Earlier this year we took a road trip up to the Giant’s Causeway in Northern Ireland, with a plan to stop off at the Dark Hedges and cross the Carrick-a-Rede rope bridge (this last one we didn’t get to do. Word of warning, the last entry for the bridge is at 5:15pm!). We did it all in the one day, driving up from Dublin in the morning, spending the full day taking in as much of the sights as we could, and driving back to Dublin that evening. I really enjoyed every minute of this trip, and I think it’s worth your while to do it. There’s plenty of options for getting there between driving and taking a tour bus, just make sure you give yourself enough time to fit it all in.
If videos are your thing, scroll on down to the bottom of this post and watch to see the incredible views you can catch if you do this trip.
The Dark Hedges are among the most photographed places in Northern Ireland, having become a popular stop-off point for people on road trips in the North of Ireland. The Dark Hedges are essentially an avenue lined with beech trees, made special because of their winding branches , creating a tree-tunnel effect. Legend has it the avenue is haunted by the ‘Grey Lady’. who spends her time flitting in between trees and roaming the road. However, if you visit you’re probably more likely to come across a bunch of other tourists taking selfies. These trees have become iconic thanks to Game of Thrones, which filmed there during their second season. It really is just a line of trees, but it can’t be denied there’s something magical about them.
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If you’ve ever visited Ireland, this was surely on every list of places to visit when you were reading up on where to go. What makes the Giant’s Causeway unique is the result of something that happened over 6 million years ago. Some people say it was a volcanic eruption that created the distinct hexagonal basalt rock formations, but others believe another story entirely.
For those who want to know the myth of how the Giant’s Causeway was created:
Irish giant Finn MacCool needed a way to get across the sea to battle with his rival, the Scottish giant Benandonner. Once he arrived, he discovered Benandonner sleeping, realised how huge he actually is, and changed his mind. He turned around and went back over the causeway home. Benandonner woke up, realised Finn had come for a fight, and crossed the causeway to finish what Finn had started. Finn’s wife came up with a plan to disguise Finn as a baby and told Benandonner that her husband wasn’t home. When Banandonner saw the baby, he thought if Finn’s baby was that big, then Finn himself must be absolutely massive. He turned around and fled home as fast as possible, with such speed and velocity that he ripped up the causeway, leaving behind the formation that we can go and visit today.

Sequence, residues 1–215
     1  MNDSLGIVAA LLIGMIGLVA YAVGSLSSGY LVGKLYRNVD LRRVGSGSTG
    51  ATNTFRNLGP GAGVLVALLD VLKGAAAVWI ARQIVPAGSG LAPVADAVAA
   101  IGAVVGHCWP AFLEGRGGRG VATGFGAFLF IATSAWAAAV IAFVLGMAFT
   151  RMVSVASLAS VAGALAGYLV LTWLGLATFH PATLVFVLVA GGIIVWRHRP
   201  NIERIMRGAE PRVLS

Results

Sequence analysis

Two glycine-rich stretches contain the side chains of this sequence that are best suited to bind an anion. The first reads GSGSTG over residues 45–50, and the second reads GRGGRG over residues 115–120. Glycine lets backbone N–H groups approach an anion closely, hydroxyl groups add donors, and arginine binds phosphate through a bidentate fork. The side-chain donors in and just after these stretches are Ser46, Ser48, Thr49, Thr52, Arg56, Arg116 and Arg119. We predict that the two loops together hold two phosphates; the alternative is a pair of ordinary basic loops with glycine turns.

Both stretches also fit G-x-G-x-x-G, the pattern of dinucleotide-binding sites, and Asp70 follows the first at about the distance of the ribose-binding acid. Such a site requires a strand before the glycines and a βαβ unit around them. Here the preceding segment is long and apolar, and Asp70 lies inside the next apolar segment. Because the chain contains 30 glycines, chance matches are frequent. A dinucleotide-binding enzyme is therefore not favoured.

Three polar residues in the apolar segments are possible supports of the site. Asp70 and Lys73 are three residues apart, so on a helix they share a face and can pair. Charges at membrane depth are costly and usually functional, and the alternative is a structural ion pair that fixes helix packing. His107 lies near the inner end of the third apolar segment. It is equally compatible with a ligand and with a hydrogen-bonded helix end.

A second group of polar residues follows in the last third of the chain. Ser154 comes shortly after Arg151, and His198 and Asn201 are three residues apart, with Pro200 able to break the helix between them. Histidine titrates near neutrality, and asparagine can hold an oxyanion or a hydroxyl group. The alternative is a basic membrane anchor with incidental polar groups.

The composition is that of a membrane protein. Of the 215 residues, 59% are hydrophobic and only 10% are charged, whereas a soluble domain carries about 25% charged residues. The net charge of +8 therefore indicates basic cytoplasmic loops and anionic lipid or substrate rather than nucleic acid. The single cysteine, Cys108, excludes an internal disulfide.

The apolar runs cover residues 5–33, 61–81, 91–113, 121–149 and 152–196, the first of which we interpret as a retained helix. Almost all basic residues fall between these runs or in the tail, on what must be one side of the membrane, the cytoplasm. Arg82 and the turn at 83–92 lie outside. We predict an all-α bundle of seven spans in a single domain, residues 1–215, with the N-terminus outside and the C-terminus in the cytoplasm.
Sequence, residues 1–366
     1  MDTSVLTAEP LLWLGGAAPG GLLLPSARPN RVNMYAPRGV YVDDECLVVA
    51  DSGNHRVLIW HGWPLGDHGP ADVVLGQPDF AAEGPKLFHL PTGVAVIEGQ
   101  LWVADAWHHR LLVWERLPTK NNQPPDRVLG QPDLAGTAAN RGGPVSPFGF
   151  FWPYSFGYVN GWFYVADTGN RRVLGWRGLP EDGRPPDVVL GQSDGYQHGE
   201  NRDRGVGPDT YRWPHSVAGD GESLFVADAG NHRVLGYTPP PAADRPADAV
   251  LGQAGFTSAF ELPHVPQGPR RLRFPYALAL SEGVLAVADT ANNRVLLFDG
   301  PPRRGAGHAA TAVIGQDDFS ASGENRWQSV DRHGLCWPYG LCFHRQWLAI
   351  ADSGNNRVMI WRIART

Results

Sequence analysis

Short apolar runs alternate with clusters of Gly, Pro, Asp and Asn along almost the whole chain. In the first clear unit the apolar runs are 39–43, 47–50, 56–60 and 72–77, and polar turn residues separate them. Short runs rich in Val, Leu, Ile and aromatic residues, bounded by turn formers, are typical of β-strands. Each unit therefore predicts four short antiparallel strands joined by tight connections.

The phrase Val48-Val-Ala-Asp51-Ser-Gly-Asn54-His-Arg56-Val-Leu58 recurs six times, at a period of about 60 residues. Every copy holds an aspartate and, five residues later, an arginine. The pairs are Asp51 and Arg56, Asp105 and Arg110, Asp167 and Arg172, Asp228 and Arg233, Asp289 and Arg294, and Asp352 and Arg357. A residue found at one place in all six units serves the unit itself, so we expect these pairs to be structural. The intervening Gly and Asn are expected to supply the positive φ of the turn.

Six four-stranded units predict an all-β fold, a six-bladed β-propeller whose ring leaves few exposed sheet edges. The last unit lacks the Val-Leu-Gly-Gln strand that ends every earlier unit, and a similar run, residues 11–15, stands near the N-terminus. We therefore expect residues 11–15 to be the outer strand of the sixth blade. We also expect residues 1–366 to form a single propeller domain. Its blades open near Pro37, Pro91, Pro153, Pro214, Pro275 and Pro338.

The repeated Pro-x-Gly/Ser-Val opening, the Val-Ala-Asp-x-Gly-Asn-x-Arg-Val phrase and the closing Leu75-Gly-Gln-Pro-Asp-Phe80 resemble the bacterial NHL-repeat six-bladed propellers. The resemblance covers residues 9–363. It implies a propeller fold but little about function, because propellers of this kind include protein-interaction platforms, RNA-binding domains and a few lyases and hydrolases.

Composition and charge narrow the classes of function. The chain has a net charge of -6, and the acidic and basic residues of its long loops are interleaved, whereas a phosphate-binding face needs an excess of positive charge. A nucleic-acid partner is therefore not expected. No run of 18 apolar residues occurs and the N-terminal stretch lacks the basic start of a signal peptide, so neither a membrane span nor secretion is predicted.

It’s up to you which version you want to believe. To me, the fact that we can walk around a place that exists because of a volcanic eruption that occurred 6 million years ago, that’s pretty cool.
This week, a poll taken by the Irish Times found that the Giant’s Causeway was considered one of the most overrated tourist attractions, apparently receiving the highest number of negative comments by readers. I waited a long time to visit, and for my part, I simply couldn’t disagree more. The Giant’s Causeway is more than just a collection of basalt rocks, although I found this such a beautiful and incredible phenomenon that I can’t see how you could be disappointed with it. The Giant’s Causeway is also home to stunning coastal views, a source of mythical stories, and tonnes of history.
If you’re going to visit, try to appreciate all of it. Take your time, look around you, watch the waves, climb the rocks, and listen to the audio guide so you can learn the stories that have passed down through generations for all of us to appreciate today. Stay curious, and you’ll enjoy it!
Video: Dark Hedges & Giant’s Causeway – Byrnewithme
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Have you ever visited the Dark Hedges or the Giant’s Causeway? What did you think?
Images: Dark Hedges image from Pixabay; Giant’s Causeway images taken by Mike Andrews
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Want to learn about more road trips in Ireland? Find more ideas here.